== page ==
Anyhow that should help you out a bit. I am not 100% familiar with a 95chevys I would suppose that if its an early 95 its prob. OBD1 So if it has an ignition module outside from the distributor I would check that. (Worked a 97 Z71 that had the same problem as you describe) It wound up being that ignition module (Mounted near the distributor its a little unit with an aluminum finned heat sink.

    Also is your truck throttle body injected or does it have the CSFI (central sequential fuel injection) system? ? Throttle body injection will have a manifold mounted carburetor looking thing (If its TBI check with stethoscope as previously mentioned)I think it has 2 big injectors and CSFI will have on the top of the manifold in the middle a big wire plug about 3x5 inches that screws down and has 2 fuel lines leading up to it. if it is the latter type of injection you might have a bad spider. the actual injectors would be where the wire harness plugs in and the nozzles are near the intake ports and the whole unit in the intake manifold looks like a spider with plastic tubing to each injection nozzle... Well these things have a real bad tendency to go bad and clog and stick open and crack in the plastic tubing etc... You might have problems with that spider assy... NO FUN!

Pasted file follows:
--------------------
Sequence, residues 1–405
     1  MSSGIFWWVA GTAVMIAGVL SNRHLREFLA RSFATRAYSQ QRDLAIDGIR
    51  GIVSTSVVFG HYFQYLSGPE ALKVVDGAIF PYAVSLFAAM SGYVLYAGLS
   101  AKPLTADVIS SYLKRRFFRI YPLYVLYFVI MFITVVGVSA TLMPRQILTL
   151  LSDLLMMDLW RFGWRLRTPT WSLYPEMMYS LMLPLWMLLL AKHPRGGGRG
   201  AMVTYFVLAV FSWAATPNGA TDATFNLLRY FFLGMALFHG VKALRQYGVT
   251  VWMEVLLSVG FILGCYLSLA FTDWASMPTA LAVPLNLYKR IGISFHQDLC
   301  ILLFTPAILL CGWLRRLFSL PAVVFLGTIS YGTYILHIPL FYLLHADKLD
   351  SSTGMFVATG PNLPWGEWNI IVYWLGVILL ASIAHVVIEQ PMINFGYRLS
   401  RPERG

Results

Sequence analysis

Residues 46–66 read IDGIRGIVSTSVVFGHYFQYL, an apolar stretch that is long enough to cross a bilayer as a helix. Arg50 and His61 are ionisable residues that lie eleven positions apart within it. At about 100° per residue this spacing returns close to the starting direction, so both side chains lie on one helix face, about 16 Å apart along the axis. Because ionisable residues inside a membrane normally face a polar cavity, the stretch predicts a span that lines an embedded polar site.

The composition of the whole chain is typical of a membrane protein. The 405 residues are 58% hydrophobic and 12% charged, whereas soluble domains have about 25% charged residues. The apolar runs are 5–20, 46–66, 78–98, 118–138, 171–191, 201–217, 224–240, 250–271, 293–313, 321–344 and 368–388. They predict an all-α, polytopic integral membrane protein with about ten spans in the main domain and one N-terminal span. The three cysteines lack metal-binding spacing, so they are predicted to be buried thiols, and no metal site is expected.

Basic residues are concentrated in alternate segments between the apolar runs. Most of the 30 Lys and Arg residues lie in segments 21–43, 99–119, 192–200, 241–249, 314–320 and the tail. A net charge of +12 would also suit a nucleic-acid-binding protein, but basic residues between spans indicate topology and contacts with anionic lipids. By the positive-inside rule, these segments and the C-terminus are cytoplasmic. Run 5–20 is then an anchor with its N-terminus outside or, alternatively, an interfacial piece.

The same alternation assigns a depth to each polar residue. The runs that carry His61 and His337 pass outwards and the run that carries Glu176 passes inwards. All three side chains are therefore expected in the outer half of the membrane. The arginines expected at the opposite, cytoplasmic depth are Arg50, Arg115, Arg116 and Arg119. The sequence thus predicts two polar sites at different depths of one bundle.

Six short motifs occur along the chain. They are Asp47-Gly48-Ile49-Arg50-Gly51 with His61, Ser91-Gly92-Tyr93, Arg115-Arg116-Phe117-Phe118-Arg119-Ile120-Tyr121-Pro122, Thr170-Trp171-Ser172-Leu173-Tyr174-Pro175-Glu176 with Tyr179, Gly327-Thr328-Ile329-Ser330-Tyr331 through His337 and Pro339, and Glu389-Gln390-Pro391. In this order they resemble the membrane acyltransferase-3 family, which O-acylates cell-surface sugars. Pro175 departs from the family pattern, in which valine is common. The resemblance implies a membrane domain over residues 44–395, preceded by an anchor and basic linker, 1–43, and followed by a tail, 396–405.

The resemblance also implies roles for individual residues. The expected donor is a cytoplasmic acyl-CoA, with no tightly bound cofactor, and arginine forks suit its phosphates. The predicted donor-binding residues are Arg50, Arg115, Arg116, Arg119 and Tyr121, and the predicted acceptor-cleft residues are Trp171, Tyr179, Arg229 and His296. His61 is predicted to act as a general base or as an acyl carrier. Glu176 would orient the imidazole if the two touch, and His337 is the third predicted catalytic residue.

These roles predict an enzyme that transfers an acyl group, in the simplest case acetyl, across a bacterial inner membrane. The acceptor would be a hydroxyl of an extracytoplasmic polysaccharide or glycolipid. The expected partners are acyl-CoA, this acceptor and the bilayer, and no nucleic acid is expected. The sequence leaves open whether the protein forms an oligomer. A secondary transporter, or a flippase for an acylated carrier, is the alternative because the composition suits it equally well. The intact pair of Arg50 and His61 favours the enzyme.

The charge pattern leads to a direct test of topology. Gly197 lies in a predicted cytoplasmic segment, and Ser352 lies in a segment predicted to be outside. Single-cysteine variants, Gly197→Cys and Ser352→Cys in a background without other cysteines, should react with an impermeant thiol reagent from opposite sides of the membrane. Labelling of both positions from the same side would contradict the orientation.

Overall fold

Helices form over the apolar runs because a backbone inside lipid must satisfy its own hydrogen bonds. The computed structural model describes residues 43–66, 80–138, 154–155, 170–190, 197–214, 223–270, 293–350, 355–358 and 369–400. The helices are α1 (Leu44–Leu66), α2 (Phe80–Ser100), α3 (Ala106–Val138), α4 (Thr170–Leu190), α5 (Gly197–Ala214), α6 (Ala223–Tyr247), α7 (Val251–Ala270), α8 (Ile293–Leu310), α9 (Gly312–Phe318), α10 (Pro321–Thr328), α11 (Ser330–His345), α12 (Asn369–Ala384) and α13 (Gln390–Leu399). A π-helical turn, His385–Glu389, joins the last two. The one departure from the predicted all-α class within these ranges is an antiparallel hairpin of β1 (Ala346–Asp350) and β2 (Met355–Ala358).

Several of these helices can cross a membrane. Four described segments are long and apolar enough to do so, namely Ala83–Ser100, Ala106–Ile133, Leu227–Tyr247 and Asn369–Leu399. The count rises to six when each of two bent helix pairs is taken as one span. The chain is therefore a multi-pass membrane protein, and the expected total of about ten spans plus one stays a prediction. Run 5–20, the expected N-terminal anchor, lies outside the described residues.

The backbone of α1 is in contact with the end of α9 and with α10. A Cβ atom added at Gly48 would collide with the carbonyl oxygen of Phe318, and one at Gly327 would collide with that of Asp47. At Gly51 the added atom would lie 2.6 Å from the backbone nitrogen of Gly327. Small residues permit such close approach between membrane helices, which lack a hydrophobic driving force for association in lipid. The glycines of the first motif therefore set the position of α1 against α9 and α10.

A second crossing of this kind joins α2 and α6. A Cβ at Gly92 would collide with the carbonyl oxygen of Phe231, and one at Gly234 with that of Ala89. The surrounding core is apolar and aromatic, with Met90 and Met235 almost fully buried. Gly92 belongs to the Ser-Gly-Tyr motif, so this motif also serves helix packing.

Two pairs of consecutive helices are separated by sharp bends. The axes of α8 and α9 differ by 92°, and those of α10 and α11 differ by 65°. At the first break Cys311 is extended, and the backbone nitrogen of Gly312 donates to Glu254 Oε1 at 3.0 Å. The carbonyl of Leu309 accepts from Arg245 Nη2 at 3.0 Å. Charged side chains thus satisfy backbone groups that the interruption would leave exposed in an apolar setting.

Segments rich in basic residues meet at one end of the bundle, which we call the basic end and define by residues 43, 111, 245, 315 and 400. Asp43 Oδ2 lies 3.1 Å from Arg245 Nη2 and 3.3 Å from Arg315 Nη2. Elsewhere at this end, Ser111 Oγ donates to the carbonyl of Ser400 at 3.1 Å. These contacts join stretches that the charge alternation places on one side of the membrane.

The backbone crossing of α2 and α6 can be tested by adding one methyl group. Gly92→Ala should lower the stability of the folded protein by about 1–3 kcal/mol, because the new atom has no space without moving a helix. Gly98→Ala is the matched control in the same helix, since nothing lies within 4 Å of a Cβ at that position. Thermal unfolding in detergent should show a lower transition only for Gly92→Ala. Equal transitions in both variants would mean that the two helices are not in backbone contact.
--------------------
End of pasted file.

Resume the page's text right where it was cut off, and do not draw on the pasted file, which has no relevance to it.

14. My dad used to put water into the carbs of engines to break carbon free. Used a pop bottle and had his finger over the end and let it trickle into the carb.